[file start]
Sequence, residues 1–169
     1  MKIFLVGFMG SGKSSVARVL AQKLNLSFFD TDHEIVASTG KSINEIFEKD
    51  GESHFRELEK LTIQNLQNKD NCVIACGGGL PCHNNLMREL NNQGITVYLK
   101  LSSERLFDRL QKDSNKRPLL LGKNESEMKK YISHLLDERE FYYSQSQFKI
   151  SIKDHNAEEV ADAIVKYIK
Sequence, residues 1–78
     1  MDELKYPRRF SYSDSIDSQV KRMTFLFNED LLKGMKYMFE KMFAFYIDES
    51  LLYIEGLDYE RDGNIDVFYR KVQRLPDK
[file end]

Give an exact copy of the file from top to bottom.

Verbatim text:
Sequence, residues 1–169
     1  MKIFLVGFMG SGKSSVARVL AQKLNLSFFD TDHEIVASTG KSINEIFEKD
    51  GESHFRELEK LTIQNLQNKD NCVIACGGGL PCHNNLMREL NNQGITVYLK
   101  LSSERLFDRL QKDSNKRPLL LGKNESEMKK YISHLLDERE FYYSQSQFKI
   151  SIKDHNAEEV ADAIVKYIK
Sequence, residues 1–78
     1  MDELKYPRRF SYSDSIDSQV KRMTFLFNED LLKGMKYMFE KMFAFYIDES
    51  LLYIEGLDYE RDGNIDVFYR KVQRLPDK